Principal Components Analysis 

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ClustanPCA ... offers a very flexible principal components analysis, allowing for continuous variables or mixed variable types, with or without missing vales.  It is also very efficient, being capable of handling hundreds of variables

Principal Components Analysis is a method for transforming the variables in a sample dataset into new variables which are uncorrelated with each other and account for decreasing proportions of the total variance of the original variables.  Each new variable is a linear combination of the original variables.

The first principal component is that linear combination of the original variables which accounts for the maximum amount of variance in a single line.  It is the line of best fit through the data, and the residual variance about this line is then a minimum for the data set.

Dialogue for ClustanPCAThe second principal component is that line which is orthogonal to the first principal component and accounts for the maximum amount of the remaining variance in the data, subject to being uncorrelated with the first principal component.  The first two components therefore represent the plane of best fit through the data.  It is the scatter diagram that most closely reflects the disposition of the points in the full p-dimensional space.

All remaining principal components are defined similarly, such that the lowest order components normally account for very little variance and can usually be ignored.

The eigenvalues obtained from Principal Components Analysis are equal to the variance explained by each of the principal components, in decreasing order of importance.  As the original variables are standardized for pca, they will each have a variance of 1.  It follows that any component with an eigenvalue of at least 1 explains more of the variance than any original variable.  A rule-of-thumb is, therefore, to select that number of principal components having an eigenvalue of at least 1.

Scatterplot showing the distribution of the first two principal components which together account for 95% of the variance in the Mammals case study.  This indicates a very good fit to the data.  The cases have been colour-coded according to the 7-cluster partition, for which Rabbit and Elephant are outliers.The eigenvectors are weightings which, when applied to the original data, obtain principal component scores for the observations.  A large positive or negative value indicates a variable that is correlated, either in a positive or a negative way, with the component.

It may be helpful to plot a scatter diagram of principal component scores for the first two principal components (showing left).  This diagram constitutes the best two-dimensional representation of the data, i.e. it is the plane of best fit through the scatter in a high dimensional space having the minimum residual variance about the plane.  It is, in some sense, the best two-dimensional "view" of the data.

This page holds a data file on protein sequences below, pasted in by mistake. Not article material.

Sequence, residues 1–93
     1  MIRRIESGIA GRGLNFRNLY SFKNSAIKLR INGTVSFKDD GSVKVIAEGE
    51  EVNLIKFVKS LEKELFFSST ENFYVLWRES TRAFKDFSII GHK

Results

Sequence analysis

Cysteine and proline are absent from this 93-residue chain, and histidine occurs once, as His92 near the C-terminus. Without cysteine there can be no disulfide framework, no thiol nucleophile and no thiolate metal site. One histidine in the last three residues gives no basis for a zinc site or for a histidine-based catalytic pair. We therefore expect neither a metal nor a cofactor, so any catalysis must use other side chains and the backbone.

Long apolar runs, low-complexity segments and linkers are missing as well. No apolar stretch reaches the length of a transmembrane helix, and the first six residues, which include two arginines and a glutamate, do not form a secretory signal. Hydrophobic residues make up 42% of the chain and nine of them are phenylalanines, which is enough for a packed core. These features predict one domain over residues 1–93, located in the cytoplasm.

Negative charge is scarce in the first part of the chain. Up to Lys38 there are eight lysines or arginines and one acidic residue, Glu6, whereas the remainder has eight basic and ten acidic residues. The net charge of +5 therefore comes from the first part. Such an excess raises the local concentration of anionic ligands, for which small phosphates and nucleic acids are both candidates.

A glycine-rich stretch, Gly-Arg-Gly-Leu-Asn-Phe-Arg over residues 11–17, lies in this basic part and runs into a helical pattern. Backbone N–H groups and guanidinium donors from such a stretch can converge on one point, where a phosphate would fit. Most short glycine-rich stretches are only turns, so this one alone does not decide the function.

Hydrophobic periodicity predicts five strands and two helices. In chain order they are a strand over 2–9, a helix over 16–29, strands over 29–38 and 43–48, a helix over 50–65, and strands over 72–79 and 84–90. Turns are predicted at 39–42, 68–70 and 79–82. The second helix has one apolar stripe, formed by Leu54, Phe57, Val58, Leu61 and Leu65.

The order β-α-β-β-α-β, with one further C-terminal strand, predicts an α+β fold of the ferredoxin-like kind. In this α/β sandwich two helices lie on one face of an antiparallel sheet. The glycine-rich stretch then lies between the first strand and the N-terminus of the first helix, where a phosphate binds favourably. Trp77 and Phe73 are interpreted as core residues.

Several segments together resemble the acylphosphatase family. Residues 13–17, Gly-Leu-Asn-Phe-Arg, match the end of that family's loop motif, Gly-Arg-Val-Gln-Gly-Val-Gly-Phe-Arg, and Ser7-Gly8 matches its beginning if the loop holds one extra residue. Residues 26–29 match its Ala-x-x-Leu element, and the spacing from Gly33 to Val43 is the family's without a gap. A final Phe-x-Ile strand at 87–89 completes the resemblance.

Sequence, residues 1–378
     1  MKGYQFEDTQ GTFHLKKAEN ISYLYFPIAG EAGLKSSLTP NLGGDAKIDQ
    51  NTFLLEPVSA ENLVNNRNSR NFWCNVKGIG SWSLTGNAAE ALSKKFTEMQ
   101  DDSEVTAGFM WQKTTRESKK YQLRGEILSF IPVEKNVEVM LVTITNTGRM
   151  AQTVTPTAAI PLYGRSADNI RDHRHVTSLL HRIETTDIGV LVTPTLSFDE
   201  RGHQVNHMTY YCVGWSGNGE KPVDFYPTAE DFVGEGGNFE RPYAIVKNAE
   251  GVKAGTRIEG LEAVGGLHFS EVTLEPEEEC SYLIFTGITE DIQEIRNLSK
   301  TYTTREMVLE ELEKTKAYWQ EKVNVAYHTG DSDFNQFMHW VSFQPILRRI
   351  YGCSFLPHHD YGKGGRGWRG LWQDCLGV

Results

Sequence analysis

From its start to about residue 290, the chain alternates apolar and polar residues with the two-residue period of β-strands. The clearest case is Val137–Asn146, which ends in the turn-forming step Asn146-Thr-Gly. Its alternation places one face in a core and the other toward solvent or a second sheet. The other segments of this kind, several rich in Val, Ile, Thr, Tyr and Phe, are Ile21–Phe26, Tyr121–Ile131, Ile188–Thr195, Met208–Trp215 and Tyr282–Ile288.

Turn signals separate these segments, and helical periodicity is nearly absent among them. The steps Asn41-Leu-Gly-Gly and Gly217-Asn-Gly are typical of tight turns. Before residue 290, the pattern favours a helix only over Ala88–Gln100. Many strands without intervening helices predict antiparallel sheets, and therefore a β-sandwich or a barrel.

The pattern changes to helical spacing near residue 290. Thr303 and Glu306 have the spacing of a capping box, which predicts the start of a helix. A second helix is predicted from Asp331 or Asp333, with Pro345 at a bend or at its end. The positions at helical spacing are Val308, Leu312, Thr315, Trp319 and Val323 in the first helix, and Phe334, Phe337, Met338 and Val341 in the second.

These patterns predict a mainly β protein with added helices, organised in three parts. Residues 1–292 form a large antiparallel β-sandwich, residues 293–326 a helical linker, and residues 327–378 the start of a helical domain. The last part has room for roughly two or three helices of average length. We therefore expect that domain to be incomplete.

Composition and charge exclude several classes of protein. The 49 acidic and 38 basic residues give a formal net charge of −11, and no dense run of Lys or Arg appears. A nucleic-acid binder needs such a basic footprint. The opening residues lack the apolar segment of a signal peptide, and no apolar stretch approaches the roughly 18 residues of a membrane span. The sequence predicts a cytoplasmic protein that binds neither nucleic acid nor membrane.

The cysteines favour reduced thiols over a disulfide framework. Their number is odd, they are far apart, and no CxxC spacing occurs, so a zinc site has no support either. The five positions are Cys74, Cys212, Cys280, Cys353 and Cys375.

How to run ClustanPCA

You can have a data set with continuous variables or mixed variables and missing values can be present.  We believe this degree of flexibility for principal components analysis to be unique.

Having read your data, click View/PCA to open the PCA dialogue (top).  This shows the number of cases and number of variables in your data set.Results from ClustanPCA for the Mammals dataset

You can select the number of dimensions you wish to save on completion.  However, if you leave this blank, ClustanPCA will save the number of components having an eigenvalue of at least 1.

Click "Start" and Principal Components Analysis will run.  On completion, click "Results" to obtain the eigenvalues and eigenvectors (right).  These can also be copied to the Clipboard for incorporation into a report or another program.  If you wish to view the principal component scores, click "Scores" in this dialogue.

Click "Finish" and the first two principal components will be plotted as a scatter diagram.  To obtain this plot you should also complete a hierarchical cluster analysis on your data, so that the partition highlighted on the tree will be colour coded by cluster for the first two principal components.

To view the principal component scores, click View/Data.  They can be found under the columns "Scatter1" to "ScatterN", to the right of the data, and can be selected on their own by de-selecting the box labelled "Display Data".  The PCA scores can also be copied to the Clipboard by clicking "Copy".

ClustanPCA Limitations

There are no fixed restrictions to ClustanPCA, but when the number of variables is large the analysis may take some time to run or may run out of internal memory.  As a rough guide, ClustanPCA requires about 10p2 bytes of memory, where p is the number of variables; hence if there are 100 variables, it will require 100k of internal storage.  A data matrix of 1000 variables will require 10MB of storage and take some time to complete a PCA analysis.

The number of cases is not a major limitation for ClustanPCA.

ClustanPCA is distributed with ClustanGraphics 7.04 onwards.

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